Mohamed Solah

Please share with us your journey in this industry.

My hospitality career started over 16 years ago, I didn’t always know I wanted to be in hospitality, but I am happy with where I am now. A few career twists led me to where I am today. After completing my O’levels, I found myself stuck between finance and hospitality management, and after careful consideration I chose to study hospitality.

I graduated at the age of 21 and started my hospitality career as a telephone operator, working 11 to 12 hours a day. I knew I wanted more from the career I had chosen and checked the newspaper every day for job openings. My determination paid off, and after a year as a telephone operator I approached the management of Meeru Island Resort & Spa to further my training and development through Crown & Champa Resorts’ development programme. I was offered the opportunity to study overseas and received my higher diploma in hospitality. On completion of my studies, I was given the opportunity to use my skills and received on the job training in Meeru’s Front office before being promoted to front office manager and eventually guest services manager.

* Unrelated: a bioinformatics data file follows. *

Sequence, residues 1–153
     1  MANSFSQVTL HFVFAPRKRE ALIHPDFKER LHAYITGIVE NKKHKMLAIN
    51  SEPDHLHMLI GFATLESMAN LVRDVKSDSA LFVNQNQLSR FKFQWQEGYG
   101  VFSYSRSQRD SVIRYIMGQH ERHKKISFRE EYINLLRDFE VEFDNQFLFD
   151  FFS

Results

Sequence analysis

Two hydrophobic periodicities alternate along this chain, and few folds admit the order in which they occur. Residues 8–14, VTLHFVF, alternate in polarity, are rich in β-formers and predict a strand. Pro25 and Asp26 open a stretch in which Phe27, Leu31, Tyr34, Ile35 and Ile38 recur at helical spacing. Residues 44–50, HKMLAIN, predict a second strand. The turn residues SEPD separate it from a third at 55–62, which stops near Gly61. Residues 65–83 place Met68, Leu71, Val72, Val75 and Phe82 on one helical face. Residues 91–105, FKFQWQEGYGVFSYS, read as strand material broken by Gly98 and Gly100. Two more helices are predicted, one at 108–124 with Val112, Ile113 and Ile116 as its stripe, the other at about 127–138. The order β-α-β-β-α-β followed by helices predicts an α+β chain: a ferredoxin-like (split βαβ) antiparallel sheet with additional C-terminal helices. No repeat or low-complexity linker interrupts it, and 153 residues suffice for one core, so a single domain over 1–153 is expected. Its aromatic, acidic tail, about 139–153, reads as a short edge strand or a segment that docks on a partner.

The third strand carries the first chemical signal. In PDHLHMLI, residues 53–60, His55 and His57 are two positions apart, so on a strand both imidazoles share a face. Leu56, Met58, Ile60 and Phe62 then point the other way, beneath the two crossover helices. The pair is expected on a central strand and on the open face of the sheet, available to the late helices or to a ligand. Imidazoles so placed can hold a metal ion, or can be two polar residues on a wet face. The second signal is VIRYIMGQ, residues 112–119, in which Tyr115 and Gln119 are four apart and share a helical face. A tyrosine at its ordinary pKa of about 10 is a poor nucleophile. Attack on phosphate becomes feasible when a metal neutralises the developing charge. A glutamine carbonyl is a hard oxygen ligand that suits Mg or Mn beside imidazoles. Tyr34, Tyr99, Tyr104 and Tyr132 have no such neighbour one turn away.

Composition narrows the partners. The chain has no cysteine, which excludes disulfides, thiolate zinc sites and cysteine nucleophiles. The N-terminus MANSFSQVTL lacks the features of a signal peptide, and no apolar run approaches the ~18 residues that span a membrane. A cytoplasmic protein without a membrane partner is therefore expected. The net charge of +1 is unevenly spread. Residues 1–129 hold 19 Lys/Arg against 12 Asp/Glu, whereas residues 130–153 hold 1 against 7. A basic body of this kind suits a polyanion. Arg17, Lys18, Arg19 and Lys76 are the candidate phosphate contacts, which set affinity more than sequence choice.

I have always been passionate about learning and continued my studies while working, and at the age of 25, I received my bachelors. I took the opportunity to intern with Sheraton Langkawi Beach Resort and then moved to Hilton Seychelles Northolme Resort & Spa as a trainee, before going into F&B, followed by Sales & Marketing, after which I returned to Meeru.

At Crown & Champa Resorts I once again was at the benefit of the company’s development programme due to my determination and commitment. At Meeru, I was promoted to recreation manager and then executive housekeeper, before being promoted to rooms division manager, and later I was transferred to Vilamendhoo Island Resort & Spa as director of operations.

I saw an exciting opportunity to diversify my skills and decided to enroll at a school in Paris school, where I improved my oral and written French before joining the pre-opening team of Amilla Fushi. My need to evolve my hospitality skills took me to Abu Dhabi where I worked at a boutique real estate hotel where half of the hotel operated as a hotel while the other half were apartments.

After a year and a half, I returned to Crown & Champa Resorts as director of operations for Hurawalhi Maldives. I believe Crown & Champa Resorts trusts me. Through the years. I have honed my skills and showed my value to the group which has allowed me to be promoted to General Manager of Komandoo Maldives, an exciting opportunity, where I know I can make a difference.

What are some of the challenges you have faced during your years in the hospitality industry?